This calls for a deeper dive into gift-giving at Christmas. Why not entertain the idea of giving some intangibles this year?
The thought of going from presents to presence might be a little radical, but it can be relationally memorable and exciting!
Here’s a starter list – customize your list to your family and friends and watch a new tradition unfold.
Be a tourist in your hometown and try touring some new things with a dog leading the way
Volunteer together for something you all care about
Plan out a garden together and, with the design, include an I.O.U. – a day of weeding and a packet of favorite seeds
Give State Park Passes or National Park Passes or an Art/Science Museum
Give a behind-the-scenes tour of a city theater’s costume and art department
Ice Skating Lessons or a boating outing
Read a children’s book aloud to someone who would appreciate it
Offer Painting lessons at a Children’s Museum
Write a Letter of honor to someone who has especially touched your life
Offer letter writing or make and send cards – on behalf of an immigrant to loved ones
Commit to sending handwritten letters in lieu of texting
Learn paper folding together and make origami garlands for the tree.
Buy two hot chocolates: one for you and one for the Salvation Army bell. Stay with that bell ringer on a frosty Decemberrrrrr evening!
Go caroling with a small group to one or two shut-ins during the pandemic, and bring the popcorn balls, figs, pudding, and nickles to reverse payment when you sing
Offer to lead a Singing Bible Study in the Psalm Hymns in the new year
Most important of all, give room for the unexpected. Linger longer in ordinary spaces, and bear witness to a holy entrance of Possibility.
Sometimes you just need to share the sparkly stuff to shift Christmas spirits upward. Especially, in the early darkness that defines December and January afternoons, Give the unexpected a chance to happen.
Kathy Joy is the author of the Breath of Joy gift books and Will You Hold My Story, a child’s picturebook.
Have you ever wondered what’s happened to all the working lighthouses? How could they be defunct? What takes the place of helping a vessel to anchor or to its pier in safe harbor?
Harbor Pilots are, by sheer tenacity, a remarkable crew. The job requires round-the-clock availability, a complete understanding of the local waters, hazards and weather conditions, and the agility to climb a 30-foot rope ladder up the side of a large vessel.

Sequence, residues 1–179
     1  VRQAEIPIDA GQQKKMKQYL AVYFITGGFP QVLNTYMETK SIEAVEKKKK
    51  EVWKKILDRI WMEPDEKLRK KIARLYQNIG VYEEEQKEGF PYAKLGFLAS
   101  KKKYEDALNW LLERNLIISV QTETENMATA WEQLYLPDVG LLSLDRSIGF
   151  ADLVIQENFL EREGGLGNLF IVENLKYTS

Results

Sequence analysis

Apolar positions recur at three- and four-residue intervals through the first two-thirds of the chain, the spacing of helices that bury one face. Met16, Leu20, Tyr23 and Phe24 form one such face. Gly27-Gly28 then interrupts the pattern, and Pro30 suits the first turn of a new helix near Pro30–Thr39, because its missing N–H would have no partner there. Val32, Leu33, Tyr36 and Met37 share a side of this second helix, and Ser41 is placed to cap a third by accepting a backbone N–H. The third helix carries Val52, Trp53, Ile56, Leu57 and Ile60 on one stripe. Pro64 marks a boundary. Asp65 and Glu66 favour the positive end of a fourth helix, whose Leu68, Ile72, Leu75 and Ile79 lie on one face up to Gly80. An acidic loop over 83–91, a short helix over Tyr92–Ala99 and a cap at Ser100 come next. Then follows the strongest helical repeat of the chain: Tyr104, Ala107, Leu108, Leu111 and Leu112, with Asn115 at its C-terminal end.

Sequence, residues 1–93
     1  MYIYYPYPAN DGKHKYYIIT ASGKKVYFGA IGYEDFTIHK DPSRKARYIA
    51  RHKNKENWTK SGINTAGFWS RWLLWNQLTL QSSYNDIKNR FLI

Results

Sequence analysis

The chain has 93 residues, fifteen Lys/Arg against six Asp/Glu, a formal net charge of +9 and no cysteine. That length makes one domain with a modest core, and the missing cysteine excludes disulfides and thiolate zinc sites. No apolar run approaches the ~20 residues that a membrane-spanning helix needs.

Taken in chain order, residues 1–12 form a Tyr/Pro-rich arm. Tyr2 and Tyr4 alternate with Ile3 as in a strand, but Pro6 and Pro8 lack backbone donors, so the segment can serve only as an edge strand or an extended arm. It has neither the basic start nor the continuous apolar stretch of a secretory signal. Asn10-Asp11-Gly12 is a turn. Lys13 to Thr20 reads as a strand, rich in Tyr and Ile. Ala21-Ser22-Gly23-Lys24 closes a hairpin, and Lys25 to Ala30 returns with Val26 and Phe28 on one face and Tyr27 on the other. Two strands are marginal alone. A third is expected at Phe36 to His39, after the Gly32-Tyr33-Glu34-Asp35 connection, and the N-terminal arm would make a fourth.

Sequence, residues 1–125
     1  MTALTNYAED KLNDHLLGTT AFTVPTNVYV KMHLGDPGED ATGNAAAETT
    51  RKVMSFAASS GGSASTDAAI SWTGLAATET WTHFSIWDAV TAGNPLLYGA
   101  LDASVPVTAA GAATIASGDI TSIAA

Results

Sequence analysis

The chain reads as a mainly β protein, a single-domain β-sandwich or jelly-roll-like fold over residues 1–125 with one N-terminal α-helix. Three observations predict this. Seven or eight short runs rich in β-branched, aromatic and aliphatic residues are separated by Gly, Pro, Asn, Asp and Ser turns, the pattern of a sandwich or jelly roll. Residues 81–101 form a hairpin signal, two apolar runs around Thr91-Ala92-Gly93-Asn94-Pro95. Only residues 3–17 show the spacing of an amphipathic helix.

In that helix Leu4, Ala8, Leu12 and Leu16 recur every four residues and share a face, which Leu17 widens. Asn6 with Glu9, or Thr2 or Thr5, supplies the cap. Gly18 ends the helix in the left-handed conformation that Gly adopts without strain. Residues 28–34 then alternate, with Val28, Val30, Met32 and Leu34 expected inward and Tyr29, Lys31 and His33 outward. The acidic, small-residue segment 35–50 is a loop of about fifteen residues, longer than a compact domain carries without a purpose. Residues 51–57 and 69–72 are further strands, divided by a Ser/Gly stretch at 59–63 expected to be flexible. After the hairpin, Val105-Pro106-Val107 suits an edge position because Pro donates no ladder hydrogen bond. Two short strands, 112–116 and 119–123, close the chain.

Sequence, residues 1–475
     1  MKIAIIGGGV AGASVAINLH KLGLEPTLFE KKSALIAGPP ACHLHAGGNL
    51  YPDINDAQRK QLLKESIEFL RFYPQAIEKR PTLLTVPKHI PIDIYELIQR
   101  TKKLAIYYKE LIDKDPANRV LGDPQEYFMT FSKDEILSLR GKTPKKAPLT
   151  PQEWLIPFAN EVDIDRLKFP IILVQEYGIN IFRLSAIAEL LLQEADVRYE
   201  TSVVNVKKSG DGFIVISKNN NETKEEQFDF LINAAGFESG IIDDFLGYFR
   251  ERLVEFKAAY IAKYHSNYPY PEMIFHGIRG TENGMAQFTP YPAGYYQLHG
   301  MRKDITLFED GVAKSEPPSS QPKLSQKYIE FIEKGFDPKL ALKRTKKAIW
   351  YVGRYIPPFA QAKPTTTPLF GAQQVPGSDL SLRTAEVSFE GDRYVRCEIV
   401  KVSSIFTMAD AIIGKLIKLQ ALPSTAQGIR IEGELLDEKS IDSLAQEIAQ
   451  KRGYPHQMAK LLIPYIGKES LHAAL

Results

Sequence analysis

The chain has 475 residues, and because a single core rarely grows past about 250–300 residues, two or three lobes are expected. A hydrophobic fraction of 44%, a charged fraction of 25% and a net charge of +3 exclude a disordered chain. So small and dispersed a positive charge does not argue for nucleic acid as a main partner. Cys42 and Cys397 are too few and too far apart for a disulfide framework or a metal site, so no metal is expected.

Our harbor has them. Any port of call has them; these sailors are navigational experts regarding local waters.
When a ship comes into unknown waters, the harbor pilot maneuvers a small craft right up to the big rig, climbing up that ladder and getting behind the wheel to steer the vessel into safe mooring.
And so it is with the staff I work with.
There are a few who understand the aim in a specialized way. They can plot the course for shoreline and safe harbor in waters that most of us have never seen prior to this. We don’t want to encounter nasty surprises, do we? What will we do if a rock pierces the hull?
While most of us are sequestered with our laptops and zoom sessions focused in on the target for the day, someone with years in the industry will come alongside and prove their maturity and faithfulness by soldiering our vision through our company’s performance of the necessary tasks.
Tasks, such as security, handling delays, sorting through the troubled complaints and defunct systems, and steering the crew into the final destination with wisdom and other hands-on assignments move us beyond the irritations and angers and abnormal shallows.
These are our harbor pilots – these comrades who are sailing in to assist our somewhat lurching, unsteady building to navigate in unknown waters.
In rough waters, how does a ship or smaller boat find it’s way around sandy banks, jutting rocks, and unusual winds to safe harbor? Guided by the strength and knowledge of someone who has a firm grasp of the way around the banks that would beach us, that’s how.
We all experience waves of gratitude and relief as we are coming to the shoreline.
We are all in this together – but today, let’s take a moment to applaud our unsung heroes, our unseen administrators, first responders, our essential leaders.
A collective “thank you” from all our various ports of call; our kitchen table offices, our cell phones, laptops and heart connections everywhere are warranted. You are worthy deckhands, but it would mean there’s nowhere to land without the harbor pilot.
Can you list one or two harbor pilots in your most choppy, unpredictable waves of life?
Later — when we are all back together — tossed, tested and polished bits of beach glass will emerge gleaming in our midst.
What treasures we will discover.
Kathy Joy, writes the Breath of Joy coffee table series. Simply Summer, Ah, Autumn, Winter Whispers, and Singing Spring. These books make for exceptional “thank-you” gifts and acknowledgments of special someones in your life.